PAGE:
INMATES harmed themselves nearly 700 times while behind bars in Dorset prisons in a year, figures reveal - including 307 incidents at Portland YOI.

Prisoners at HMP Portland YOI self-harmed at least 307 times in the 12 months to September 2020 - a decrease from 361 times the year before, figures from the Ministry of Justice show.

However at least eight of these incidents were serious enough to warrant a hospital visit.

Cutting, drug overdoses and attempted hanging are among cases that must be logged as self-harm by staff at the facility, which housed around 479 people that September.

Latest figures from the MoJ show a quarterly decrease in incidents, down to 63 between July and September from 71 the three months before, with incidents across England and Wales also in decline since a record high was reported in the year to September 2019.

At HMP Verne, also on Portland, inmates harmed themselves more than 50 times in a year.

Verne inmates self-harmed at least 88 times in the 12 months to September 2020, an increase from 36 times the year before. None of these incidents were serious enough to warrant a hospital visit.

The facility, which housed around 555 people at the time of the report, shows a quarterly decrease in incidents, down to nine between July and September from 19 the three months before.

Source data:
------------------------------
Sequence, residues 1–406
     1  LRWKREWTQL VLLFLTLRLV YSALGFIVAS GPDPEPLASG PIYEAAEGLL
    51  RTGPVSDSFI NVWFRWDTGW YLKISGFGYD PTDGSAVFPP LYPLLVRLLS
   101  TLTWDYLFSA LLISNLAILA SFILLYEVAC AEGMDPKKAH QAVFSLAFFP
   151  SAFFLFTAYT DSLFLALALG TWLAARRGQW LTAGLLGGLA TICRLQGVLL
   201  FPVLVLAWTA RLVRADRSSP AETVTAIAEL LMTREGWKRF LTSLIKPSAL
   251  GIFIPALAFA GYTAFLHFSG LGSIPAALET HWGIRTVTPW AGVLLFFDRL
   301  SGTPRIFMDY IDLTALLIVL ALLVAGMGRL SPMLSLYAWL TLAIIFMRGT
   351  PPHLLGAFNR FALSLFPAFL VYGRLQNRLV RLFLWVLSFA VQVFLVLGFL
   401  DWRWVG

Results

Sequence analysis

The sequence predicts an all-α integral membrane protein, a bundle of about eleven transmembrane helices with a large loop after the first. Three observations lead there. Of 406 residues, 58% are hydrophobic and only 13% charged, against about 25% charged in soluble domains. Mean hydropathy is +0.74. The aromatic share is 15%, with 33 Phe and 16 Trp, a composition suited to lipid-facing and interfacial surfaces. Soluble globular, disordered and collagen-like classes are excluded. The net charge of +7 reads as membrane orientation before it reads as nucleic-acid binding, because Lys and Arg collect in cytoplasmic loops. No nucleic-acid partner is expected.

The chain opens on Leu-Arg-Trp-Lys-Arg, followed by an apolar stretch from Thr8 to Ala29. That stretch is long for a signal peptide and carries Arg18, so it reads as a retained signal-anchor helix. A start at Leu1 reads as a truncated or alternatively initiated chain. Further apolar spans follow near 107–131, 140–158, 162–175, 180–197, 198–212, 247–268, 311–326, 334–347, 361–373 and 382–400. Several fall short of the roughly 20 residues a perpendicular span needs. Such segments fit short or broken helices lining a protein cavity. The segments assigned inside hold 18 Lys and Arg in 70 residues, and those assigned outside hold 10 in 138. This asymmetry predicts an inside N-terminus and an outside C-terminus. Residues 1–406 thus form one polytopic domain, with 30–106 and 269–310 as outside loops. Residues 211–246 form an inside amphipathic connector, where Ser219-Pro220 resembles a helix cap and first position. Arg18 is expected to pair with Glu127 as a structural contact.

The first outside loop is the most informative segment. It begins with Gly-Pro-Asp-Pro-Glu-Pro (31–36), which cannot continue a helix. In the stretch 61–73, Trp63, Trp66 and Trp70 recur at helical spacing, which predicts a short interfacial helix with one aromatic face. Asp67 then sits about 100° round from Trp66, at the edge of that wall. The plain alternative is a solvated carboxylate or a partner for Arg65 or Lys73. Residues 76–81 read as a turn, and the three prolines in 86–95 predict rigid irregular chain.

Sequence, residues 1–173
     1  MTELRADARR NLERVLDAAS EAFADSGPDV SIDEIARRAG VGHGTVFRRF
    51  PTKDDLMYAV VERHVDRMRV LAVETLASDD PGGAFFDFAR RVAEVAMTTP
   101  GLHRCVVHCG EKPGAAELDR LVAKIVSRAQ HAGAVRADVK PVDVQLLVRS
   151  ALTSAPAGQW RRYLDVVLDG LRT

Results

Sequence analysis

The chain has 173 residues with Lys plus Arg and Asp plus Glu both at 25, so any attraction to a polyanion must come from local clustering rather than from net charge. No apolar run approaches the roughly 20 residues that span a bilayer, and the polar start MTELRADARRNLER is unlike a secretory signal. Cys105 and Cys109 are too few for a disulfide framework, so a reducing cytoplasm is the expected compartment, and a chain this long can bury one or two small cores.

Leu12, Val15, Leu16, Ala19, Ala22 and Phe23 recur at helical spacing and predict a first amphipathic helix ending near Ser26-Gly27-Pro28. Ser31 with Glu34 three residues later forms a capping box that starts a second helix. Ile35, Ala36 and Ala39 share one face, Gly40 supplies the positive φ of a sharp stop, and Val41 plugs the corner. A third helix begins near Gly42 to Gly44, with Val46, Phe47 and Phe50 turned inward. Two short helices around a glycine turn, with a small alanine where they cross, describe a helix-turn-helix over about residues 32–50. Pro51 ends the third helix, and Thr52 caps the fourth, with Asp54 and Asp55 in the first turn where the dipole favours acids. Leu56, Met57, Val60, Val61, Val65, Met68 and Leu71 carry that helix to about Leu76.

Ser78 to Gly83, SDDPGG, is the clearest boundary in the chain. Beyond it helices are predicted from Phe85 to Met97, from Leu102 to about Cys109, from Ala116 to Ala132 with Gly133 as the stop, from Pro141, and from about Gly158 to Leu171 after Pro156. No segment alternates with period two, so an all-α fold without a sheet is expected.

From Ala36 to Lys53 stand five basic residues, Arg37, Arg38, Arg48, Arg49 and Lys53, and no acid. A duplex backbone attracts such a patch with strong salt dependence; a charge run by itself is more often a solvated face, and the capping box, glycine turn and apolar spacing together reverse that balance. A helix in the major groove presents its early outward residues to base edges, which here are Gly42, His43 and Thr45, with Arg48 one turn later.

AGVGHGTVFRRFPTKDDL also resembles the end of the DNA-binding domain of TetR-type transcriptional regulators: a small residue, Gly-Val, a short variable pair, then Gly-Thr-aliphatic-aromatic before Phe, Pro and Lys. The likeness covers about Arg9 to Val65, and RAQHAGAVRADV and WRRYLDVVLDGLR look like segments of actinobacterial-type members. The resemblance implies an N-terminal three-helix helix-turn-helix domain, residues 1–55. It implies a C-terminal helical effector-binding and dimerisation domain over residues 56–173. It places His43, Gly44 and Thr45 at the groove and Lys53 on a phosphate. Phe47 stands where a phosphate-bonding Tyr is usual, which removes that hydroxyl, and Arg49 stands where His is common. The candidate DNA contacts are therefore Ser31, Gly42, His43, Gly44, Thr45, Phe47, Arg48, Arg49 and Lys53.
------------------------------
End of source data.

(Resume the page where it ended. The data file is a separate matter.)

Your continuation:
And at HMP Guys Marsh, prisoners self-harmed at least 303 times over the course of a year - a decrease from 359 times the year before.

At least 24 of these incidents were serious enough to warrant a hospital visit.

The MoJ says that the most recent figures reflect an exceptional time, given the impact of the Covid-19 pandemic on the prison population, while experts believe prison lockdowns and enforced solitude could be contributing to mental distress behind bars.

In an effort to contain coronavirus, facilities have introduced more restrictive regimes, with visits limited or suspended and movement of prisoners restricted.

The Howard League for Penal Reform said the severity of the regimes meant tens of thousands of people had spent hours – up to 22 a day – in their cells, forced to endure solitude in “grim conditions”.

Chief executive Frances Crook said: “The mental distress caused by isolation can affect people in many different ways, some of which may not be evident for months or years.”

Prisons and Probations Minister Lucy Frazer said prison staff had put tremendous effort into keeping inmates safe but acknowledged that the increased restrictions were “extremely tough” for them.

She said that although self-harm had started to fall before the pandemic, it was important to be “more vigilant than ever about providing support in this incredibly challenging period”.

Across prisons in England and Wales, there were 58,870 incidents in the 12 months to September last year, 2,843 of which required hospital attention.

That was down by five per cent on the previous year, reflecting a seven per cent decrease at male establishments but an eight per cent increase at female prisons.

However, the latest quarterly figures show a stark 24 per cent increase for women and a five per cent increase for men.

Across England and Wales, the rate of incidents now stands at 595 per 1,000 male prisoners and 3,557 per 1,000 female.